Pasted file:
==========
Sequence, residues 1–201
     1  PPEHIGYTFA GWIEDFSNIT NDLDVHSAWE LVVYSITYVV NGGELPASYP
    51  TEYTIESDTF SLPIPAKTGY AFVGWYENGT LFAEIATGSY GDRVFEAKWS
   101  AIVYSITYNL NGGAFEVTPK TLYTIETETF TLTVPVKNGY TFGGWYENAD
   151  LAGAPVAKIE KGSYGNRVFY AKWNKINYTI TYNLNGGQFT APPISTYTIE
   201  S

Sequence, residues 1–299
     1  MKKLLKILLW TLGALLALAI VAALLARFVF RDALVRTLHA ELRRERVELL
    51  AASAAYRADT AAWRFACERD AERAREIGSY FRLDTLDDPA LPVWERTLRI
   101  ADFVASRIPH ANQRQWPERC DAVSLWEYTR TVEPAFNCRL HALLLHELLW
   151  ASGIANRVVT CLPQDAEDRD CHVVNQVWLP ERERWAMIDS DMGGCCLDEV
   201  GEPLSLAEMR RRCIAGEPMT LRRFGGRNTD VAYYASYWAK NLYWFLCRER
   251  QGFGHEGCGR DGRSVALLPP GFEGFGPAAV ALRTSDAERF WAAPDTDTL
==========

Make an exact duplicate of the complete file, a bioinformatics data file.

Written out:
Sequence, residues 1–201
     1  PPEHIGYTFA GWIEDFSNIT NDLDVHSAWE LVVYSITYVV NGGELPASYP
    51  TEYTIESDTF SLPIPAKTGY AFVGWYENGT LFAEIATGSY GDRVFEAKWS
   101  AIVYSITYNL NGGAFEVTPK TLYTIETETF TLTVPVKNGY TFGGWYENAD
   151  LAGAPVAKIE KGSYGNRVFY AKWNKINYTI TYNLNGGQFT APPISTYTIE
   201  S

Sequence, residues 1–299
     1  MKKLLKILLW TLGALLALAI VAALLARFVF RDALVRTLHA ELRRERVELL
    51  AASAAYRADT AAWRFACERD AERAREIGSY FRLDTLDDPA LPVWERTLRI
   101  ADFVASRIPH ANQRQWPERC DAVSLWEYTR TVEPAFNCRL HALLLHELLW
   151  ASGIANRVVT CLPQDAEDRD CHVVNQVWLP ERERWAMIDS DMGGCCLDEV
   201  GEPLSLAEMR RRCIAGEPMT LRRFGGRNTD VAYYASYWAK NLYWFLCRER
   251  QGFGHEGCGR DGRSVALLPP GFEGFGPAAV ALRTSDAERF WAAPDTDTL